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Detroit style pizza

TjcoleyTjcoley Posts: 3,422
edited September 2012 in EggHead Forum
Has anyone successfully recreated the crust from a Detroit Style pizza, like Jet's?  It's a deep dish, rectangular, Sicilian type, but the crust is fried and crispy. Cheese all the way to the edge causes a crispy burnt edge all the way around, without the usual lip of dough around the pie.  Every bite is crispy, yet light and airy on top. I've found some recipes for Buddy's, another Detroit pizza that is similar, but not sure if any of them are any good.  Here's a vid showing what Jet's is like    
  
The crispy corners are so popular they actually sell an 8 corner pizza. I'm pretty sure it's baked in blue steel pans, which I have. 
__________________________________________
It's not a science, it's an art. And it's flawed.
- Camp Hill, PA
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Comments

  • No idea, but the pan and dough are likely key. If you experiment successfully let us know, because that looks great!
    Finally back in the Badger State!

    Middleton, WI
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  • Holy crap!! Unfortunately, I cannot help you, cuz I've never done this, but I'm bookmarking it in case anyone can answer it!!
    Don't get set into one form, adapt it and build your own, and let it grow, be like water. Empty your mind, be formless, shapeless — like water. Now you put water in a cup, it becomes the cup... Now water can flow or it can crash. Be water, my friend. - Bruce Lee
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  • BrownieBrownie Posts: 1,022
    I saw some info on tv once (memories blurry... Foodies?) about Chicago deep dish (I know, you want detriot) but they put oil in the bottom of the pan to fry the dough as it cooked. They did it in a 500* oven for 25 min. So sorry I have useless info, but I hope it shines some light or sparks an idea for you.
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  • TjcoleyTjcoley Posts: 3,422
    Thanks Brownie.  I've actually nailed Chicago deep dish, and most of the oil is in the dough, making it almost disgusting to work with but turned out great:  http://eggheadforum.com/discussion/1142348/chicago-deep-dish-pizza-pic-heavy#latest

    This one is a totally different animal.  I'm actually trying to recreate a pizza from NE Pennsylvania coal country, similar to what's referred to as Old Forge style pizza, but with more of a fried crust.  Popular in the Wilkes Barre area (Cicolli's, Pizza II) the crust is almost the same fried type crust as Jet's.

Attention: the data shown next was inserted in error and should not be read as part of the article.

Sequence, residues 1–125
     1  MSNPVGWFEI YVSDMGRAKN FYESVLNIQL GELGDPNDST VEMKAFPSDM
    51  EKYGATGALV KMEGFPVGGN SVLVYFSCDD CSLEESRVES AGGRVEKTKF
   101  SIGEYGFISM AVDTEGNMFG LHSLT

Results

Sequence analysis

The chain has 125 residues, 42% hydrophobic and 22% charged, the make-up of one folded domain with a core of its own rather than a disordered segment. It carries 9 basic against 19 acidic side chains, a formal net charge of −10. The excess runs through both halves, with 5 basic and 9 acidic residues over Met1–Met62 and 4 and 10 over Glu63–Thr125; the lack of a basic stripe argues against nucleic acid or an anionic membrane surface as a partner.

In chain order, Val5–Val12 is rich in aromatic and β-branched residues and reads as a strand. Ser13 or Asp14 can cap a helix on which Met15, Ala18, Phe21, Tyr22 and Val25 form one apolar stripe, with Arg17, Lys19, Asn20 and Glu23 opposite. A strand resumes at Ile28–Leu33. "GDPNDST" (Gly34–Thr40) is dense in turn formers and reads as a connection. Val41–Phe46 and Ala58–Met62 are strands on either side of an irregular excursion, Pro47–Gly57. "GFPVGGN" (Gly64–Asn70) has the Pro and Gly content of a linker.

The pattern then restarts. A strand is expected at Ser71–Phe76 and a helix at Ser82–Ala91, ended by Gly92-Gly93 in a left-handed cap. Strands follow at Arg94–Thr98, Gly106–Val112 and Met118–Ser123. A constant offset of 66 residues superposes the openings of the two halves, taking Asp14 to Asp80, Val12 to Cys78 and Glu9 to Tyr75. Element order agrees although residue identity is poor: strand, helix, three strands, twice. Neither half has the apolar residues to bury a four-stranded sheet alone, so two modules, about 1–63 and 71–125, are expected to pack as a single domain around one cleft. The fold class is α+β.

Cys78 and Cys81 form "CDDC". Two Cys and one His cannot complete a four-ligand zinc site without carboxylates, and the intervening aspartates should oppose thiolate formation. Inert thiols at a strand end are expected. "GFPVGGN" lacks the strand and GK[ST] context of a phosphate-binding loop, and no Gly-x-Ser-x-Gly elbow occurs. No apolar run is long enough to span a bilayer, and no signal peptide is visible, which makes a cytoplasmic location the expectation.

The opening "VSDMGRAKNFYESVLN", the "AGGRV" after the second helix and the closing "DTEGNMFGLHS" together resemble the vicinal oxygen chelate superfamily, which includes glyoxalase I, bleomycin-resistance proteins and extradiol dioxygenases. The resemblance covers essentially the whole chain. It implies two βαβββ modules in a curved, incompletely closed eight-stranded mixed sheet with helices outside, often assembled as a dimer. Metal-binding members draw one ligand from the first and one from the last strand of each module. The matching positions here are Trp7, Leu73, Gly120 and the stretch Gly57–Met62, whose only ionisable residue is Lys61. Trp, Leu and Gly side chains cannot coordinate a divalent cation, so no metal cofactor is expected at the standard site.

__________________________________________
    It's not a science, it's an art. And it's flawed.
    - Camp Hill, PA
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  • smokeyjsmokeyj Posts: 252

    I think they use an oil/butter mixture on the bottom of the pan. Here is some good info.

     

    http://www.pizzamaking.com/forum/index.php?topic=18918.0

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  • TjcoleyTjcoley Posts: 3,422
    Thanks smokeyj - looks like a good pie.  Blue steel pans can be ordered from  http://detroitstylepizza.co/detroit-style-pizza-pans/
    __________________________________________
    It's not a science, it's an art. And it's flawed.
    - Camp Hill, PA
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  • smokeyjsmokeyj Posts: 252
    Tjcoley said:
    Thanks smokeyj - looks like a good pie.  Blue steel pans can be ordered from  http://detroitstylepizza.co/detroit-style-pizza-pans/
     
    Thanks. Do you think the blue steel pans make a difference from any pan?
    Here was the rcipe I used for that pizza. I really grease the bottom and sides of the pan heavy. No oile in this dough. This recipe is for a 9 inch pie.

    Flour (100%): 179.79 g | 6.34 oz | 0.4 lbs

    Water (58%): 104.28 g | 3.68 oz | 0.23 lbs

    IDY (.5%): 0.9 g | 0.03 oz | 0 lbs | 0.3 tsp | 0.1 tbsp

    Salt (1%): 1.8 g | 0.06 oz | 0 lbs | 0.37 tsp | 0.12 tbsp

    Sugar (1%): 1.8 g | 0.06 oz | 0 lbs | 0.45 tsp | 0.15 tbsp

    Total (160.5%): 288.57 g | 10.18 oz | 0.64 lbs | Thickness Factor = 0.16

    Are you in Pa, if so where about?


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  • TjcoleyTjcoley Posts: 3,422